The Unintended Consequences of Post-Financial-Crisis Fed Policy

It’s been nearly ten years since the global financial crisis began, and I’m reading more reflections on this event and the way we responded to it. With the benefit of hindsight, it becomes easier to see where even the best intentions may have not yielded optimal results.

This interview by Bloomberg columnist Joe Nocera (All the Devils Are Here) with Karen Shaw Petrou, perhaps the leading expert on U.S. financial services regulation, makes the provocative point that U.S. monetary policy post the financial crisis may well have exacerbated income inequality. How? By imposing capital requirements that make it less attractive for banks to lend to middle class customers, or to make relatively riskier loans to small businesses. Although unintended, Petrou says, financial regulation “has concentrated more and more money in fewer and fewer hands.”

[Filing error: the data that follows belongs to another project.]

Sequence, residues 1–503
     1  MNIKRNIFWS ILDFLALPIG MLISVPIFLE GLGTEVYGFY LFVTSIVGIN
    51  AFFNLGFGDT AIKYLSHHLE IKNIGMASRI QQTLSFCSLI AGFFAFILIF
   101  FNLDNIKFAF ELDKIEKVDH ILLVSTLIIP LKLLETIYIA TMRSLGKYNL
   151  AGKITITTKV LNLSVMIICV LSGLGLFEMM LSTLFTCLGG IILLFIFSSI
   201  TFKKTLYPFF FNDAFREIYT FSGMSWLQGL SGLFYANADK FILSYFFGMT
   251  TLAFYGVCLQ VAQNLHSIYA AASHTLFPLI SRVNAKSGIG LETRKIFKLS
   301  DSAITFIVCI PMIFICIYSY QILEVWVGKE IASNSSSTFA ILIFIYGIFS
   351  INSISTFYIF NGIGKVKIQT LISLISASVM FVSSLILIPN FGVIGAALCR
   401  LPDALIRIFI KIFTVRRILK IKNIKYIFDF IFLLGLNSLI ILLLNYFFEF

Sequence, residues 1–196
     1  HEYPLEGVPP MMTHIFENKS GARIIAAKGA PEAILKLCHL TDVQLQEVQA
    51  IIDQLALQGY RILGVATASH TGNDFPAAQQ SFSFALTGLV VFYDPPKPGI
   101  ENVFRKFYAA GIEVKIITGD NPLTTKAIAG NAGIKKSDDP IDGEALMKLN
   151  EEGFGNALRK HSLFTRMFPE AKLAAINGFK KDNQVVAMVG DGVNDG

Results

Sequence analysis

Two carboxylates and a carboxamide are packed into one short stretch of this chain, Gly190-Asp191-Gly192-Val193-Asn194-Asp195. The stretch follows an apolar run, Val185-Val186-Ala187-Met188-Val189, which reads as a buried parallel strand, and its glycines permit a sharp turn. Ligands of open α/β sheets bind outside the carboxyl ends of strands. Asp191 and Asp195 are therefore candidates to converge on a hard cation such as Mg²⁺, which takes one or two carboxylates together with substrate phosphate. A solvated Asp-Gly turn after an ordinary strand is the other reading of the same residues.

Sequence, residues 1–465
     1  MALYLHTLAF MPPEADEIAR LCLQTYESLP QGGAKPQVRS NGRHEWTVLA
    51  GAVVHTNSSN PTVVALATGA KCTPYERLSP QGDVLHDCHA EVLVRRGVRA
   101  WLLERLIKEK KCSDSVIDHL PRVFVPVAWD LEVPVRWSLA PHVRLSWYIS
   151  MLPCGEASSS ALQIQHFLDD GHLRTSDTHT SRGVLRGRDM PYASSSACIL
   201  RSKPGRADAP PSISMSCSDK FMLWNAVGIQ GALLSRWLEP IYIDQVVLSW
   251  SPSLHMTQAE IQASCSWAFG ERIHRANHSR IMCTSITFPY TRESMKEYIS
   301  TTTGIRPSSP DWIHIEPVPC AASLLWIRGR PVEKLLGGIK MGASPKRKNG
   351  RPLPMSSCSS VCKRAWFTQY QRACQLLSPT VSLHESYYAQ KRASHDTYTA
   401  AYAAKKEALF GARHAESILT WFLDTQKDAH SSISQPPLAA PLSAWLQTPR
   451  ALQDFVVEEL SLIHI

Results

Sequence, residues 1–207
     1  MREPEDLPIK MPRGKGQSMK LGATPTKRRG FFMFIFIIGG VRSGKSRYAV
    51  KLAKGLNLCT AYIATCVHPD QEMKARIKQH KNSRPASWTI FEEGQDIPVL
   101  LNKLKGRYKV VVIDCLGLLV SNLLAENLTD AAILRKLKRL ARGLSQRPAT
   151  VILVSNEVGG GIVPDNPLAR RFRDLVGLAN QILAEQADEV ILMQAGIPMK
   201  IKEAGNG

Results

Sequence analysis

In a Distinguished Speakers Lecture earlier this year to the Federal Reserve Bank of New York, Petrou made a number of other related points:

* “Both wealth and income equality have gotten dramatically worse since 2010.”

* This is because financial assets (disproportionately owned by the top1%) have appreciated more than, say, housing and other assets owned by middle-class Americans.

* The savings accounts of middle-Americans “have been particularly hard hit by ultra-low rates.”

* Financial stability and economic equality are intertwined.